The best of EcoWatch, right in your inbox. Sign up for our email newsletter!
Alaska Oil and Gas Drilling Threatens Endangered Whales
Endangered Cook Inlet beluga whales are threatened by oil drilling and exploration, according to a lawsuit filed on May 15 by the Natural Resources Defense Council (NRDC), Native Village of Chickaloon, Center for Water Advocacy (CWA) and Center for Biological Diversity. The suit challenges a permit issued by the National Marine Fisheries Service to Apache Alaska Corporation to allow oil and gas exploration in Alaska’s Cook Inlet, home to a dwindling population of 280 beluga whales protected by the Endangered Species Act.
“Each year, there are fewer and fewer of these whales left,” said Taryn Kiekow, staff attorney with NRDC. “Oil and gas drilling activities expose Cook Inlet beluga whales to ear-splitting underwater noise that threatens their survival. All that noise in the marine environment makes survival impossible for these endangered whales.”
Apache Alaska Corporation has acquired more than 300,000 acres of oil and gas leases in Cook Inlet. To find and develop oil and gas fields, Apache intends to conduct seismic exploration in the inlet over the next three to five years. Every year that Apache conducts its survey operations it will spend 160 days surveying the inlet for oil and gas, 24 hours per day. For 10 to 12 of those hours, Apache will deploy in-water airguns, operate pingers and detonate explosives. Airgun noise is loud enough to mask whale calls over thousands of miles, destroying their capacity to communicate and breed; it can drive whales to abandon their habitat and cease foraging, and closer in it can cause hearing loss and death.
“Belugas are sacred to my tribe and part of our tradition,” said Gary Harrison, traditional chief of Chickaloon Native Village. “Because so few of the whales remain, we no longer hunt them. Indigenous peoples are working to protect these whales, yet industry can come into the Cook Inlet and harass 30 beluga whales every year as they look for oil and gas. It’s simply wrong.”
“Our concern is that, with all the attention on the Arctic, Cook Inlet is falling through the cracks. With fewer than 300 beluga left in the Cook Inlet, it is hard to imagine that the Incidental Harassment Authorization could not significantly contribute to their extinction. This is a no brainer for us,” said CWA President, Hal Shepherd.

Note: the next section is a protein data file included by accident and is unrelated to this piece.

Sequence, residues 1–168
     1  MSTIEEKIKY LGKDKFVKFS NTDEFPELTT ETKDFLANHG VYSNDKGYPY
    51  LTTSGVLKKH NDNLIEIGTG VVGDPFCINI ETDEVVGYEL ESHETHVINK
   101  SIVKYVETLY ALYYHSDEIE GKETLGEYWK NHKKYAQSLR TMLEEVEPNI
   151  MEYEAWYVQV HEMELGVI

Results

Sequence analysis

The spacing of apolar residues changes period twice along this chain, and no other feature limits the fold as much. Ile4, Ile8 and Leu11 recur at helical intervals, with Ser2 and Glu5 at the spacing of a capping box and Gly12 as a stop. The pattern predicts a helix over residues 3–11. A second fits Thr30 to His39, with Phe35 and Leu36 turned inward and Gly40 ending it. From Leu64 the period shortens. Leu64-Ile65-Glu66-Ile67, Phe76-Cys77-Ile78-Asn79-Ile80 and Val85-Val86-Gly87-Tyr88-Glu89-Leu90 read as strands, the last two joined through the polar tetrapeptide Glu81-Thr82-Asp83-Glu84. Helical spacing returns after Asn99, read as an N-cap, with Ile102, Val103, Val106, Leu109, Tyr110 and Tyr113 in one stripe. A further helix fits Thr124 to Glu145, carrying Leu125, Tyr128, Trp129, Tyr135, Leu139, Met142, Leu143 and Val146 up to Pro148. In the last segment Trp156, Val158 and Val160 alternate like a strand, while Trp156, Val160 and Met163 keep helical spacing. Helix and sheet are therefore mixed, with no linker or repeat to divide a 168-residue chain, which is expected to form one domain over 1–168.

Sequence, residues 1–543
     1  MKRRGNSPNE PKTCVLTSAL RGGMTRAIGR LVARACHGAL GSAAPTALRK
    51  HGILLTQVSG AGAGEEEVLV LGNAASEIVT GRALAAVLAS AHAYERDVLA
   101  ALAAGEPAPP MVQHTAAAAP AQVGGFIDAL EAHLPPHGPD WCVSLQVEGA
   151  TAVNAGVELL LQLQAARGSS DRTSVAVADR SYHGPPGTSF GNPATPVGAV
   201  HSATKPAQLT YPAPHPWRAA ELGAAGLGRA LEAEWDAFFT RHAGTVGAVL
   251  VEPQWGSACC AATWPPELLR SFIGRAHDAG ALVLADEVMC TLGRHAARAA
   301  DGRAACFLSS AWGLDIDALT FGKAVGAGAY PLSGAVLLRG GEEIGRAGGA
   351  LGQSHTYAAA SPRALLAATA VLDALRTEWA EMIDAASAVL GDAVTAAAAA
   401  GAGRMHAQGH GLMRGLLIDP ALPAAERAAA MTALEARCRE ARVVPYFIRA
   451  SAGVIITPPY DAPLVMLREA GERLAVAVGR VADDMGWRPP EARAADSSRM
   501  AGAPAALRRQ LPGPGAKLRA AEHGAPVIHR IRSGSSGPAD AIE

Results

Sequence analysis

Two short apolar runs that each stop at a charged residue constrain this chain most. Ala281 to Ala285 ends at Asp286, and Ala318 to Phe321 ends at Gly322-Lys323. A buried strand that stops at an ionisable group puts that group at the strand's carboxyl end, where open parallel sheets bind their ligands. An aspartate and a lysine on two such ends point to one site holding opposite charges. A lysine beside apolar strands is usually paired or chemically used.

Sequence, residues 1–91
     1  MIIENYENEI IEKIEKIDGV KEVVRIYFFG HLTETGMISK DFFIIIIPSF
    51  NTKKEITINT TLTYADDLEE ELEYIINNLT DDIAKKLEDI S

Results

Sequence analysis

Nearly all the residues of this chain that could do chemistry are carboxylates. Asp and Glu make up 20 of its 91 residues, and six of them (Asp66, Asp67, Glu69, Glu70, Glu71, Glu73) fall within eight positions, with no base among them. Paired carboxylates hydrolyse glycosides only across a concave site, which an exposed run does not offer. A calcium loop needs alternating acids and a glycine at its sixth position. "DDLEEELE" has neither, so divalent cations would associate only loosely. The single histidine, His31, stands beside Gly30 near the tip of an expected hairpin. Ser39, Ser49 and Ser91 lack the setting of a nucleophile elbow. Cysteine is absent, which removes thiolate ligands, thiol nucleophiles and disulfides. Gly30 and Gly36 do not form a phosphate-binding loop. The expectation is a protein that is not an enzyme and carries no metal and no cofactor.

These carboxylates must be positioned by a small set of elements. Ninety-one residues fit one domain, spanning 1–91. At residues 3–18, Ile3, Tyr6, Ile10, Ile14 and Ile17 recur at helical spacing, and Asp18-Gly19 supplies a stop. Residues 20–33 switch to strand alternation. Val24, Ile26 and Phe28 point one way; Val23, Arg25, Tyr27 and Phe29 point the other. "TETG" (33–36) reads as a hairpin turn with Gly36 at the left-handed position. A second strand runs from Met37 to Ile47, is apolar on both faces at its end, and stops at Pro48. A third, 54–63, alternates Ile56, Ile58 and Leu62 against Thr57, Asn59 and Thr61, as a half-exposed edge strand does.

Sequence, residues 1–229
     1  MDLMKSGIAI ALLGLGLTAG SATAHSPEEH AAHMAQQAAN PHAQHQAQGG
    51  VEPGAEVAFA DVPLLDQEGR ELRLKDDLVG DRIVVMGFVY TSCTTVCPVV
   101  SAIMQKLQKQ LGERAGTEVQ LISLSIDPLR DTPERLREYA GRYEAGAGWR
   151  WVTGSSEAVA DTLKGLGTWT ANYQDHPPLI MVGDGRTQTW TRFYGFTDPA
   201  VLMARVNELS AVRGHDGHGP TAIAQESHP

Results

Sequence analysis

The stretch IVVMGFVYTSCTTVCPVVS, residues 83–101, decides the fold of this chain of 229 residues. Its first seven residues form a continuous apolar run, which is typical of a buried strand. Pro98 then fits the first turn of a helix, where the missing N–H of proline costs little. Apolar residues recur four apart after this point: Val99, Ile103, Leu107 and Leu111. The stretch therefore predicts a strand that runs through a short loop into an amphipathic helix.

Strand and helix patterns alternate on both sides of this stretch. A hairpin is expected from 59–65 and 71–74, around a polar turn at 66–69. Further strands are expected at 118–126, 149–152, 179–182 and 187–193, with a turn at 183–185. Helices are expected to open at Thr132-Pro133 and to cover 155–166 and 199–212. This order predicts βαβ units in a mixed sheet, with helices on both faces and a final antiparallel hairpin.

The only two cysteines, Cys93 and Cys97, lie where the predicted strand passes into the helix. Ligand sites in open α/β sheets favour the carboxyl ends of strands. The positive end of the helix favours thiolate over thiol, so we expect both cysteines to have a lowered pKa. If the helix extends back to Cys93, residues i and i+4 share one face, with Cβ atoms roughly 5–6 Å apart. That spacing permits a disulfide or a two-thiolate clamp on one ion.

“Cook Inlet is rapidly losing its belugas, and these smart, beautiful animals are unique and irreplaceable,” said the Center for Biological Diversity’s Alaska director Rebecca Noblin. “The Fisheries Service should be doing everything in its power to protect them from dying off, not rubber-stamping every risky oil and gas project that comes along.”
Of the five genetically unique beluga populations in Alaska, Cook Inlet belugas number the fewest. The group is under great duress from increasing industrialization of their habitat near Anchorage. In recent years, the population has plummeted from approximately 1,300 to 284 whales. The National Oceanic and Atmospheric Administration’s Alaska Fisheries Science Center’s annual survey of endangered Cook Inlet beluga whales shows a 20 percent decline in population estimates from previous years—321 in 2009 and 340 in 2010 compared to 284 in 2011. The 2011 estimate is the second-lowest since annual surveys began in 1993. (The lowest estimate was in 2005, when belugas numbered just six fewer than this year’s estimate.)
In April 2006, NRDC and the Center for Biological Diversity joined other conservation groups in petitioning the Fisheries Service to list Cook Inlet belugas as endangered under the Endangered Species Act. The government listed the whales as endangered in October 2008 and designated more than 3,000 square miles of the Cook Inlet as critical habitat essential to the whales’ survival in April 2011.
For more information, click here.
EcoWatch Daily Newsletter
(R) The measles virus pictured under a microscope. PHIL / CDC
The Pacific Island nation of Samoa declared a state of emergency this week, closed all of its schools and limited the number of public gatherings allowed after a measles outbreak has swept across the country of just 200,000 people, according to Reuters.
By Alison Cagle
Rising above the Arizona desert, the Santa Rita Mountains cradle 10,000 years of Indigenous history. The Tohono O'odham Nation, Pascua Yaqui Tribe, and Hopi Tribe, among numerous other tribes, have worshipped, foraged, hunted and laid their ancestors to rest in the mountains for generations.
By Bailey Hopp
If you had to choose a diamond for your engagement ring from below or above the ground, which would you pick … and why would you pick it? This is the main question consumers are facing when picking out their diamond engagement ring today. With a dramatic increase in demand for conflict-free lab-grown diamonds, the diamond industry is shifting right before our eyes.
Native Americans are disproportionately without access to clean water, according to a new report, "Closing the Water Access Gap in the United States: A National Action Plan," to be released this afternoon, which shows that more than two million Americans do not have access to access to running water, indoor plumbing or wastewater services.
By Nanticha Ocharoenchai
In the Czech Republic, horses have become the knights in shining armor. A study published in the Journal for Nature Conservation suggests that returning feral horses to grasslands in Podyjí National Park could help boost the numbers of several threatened butterfly species.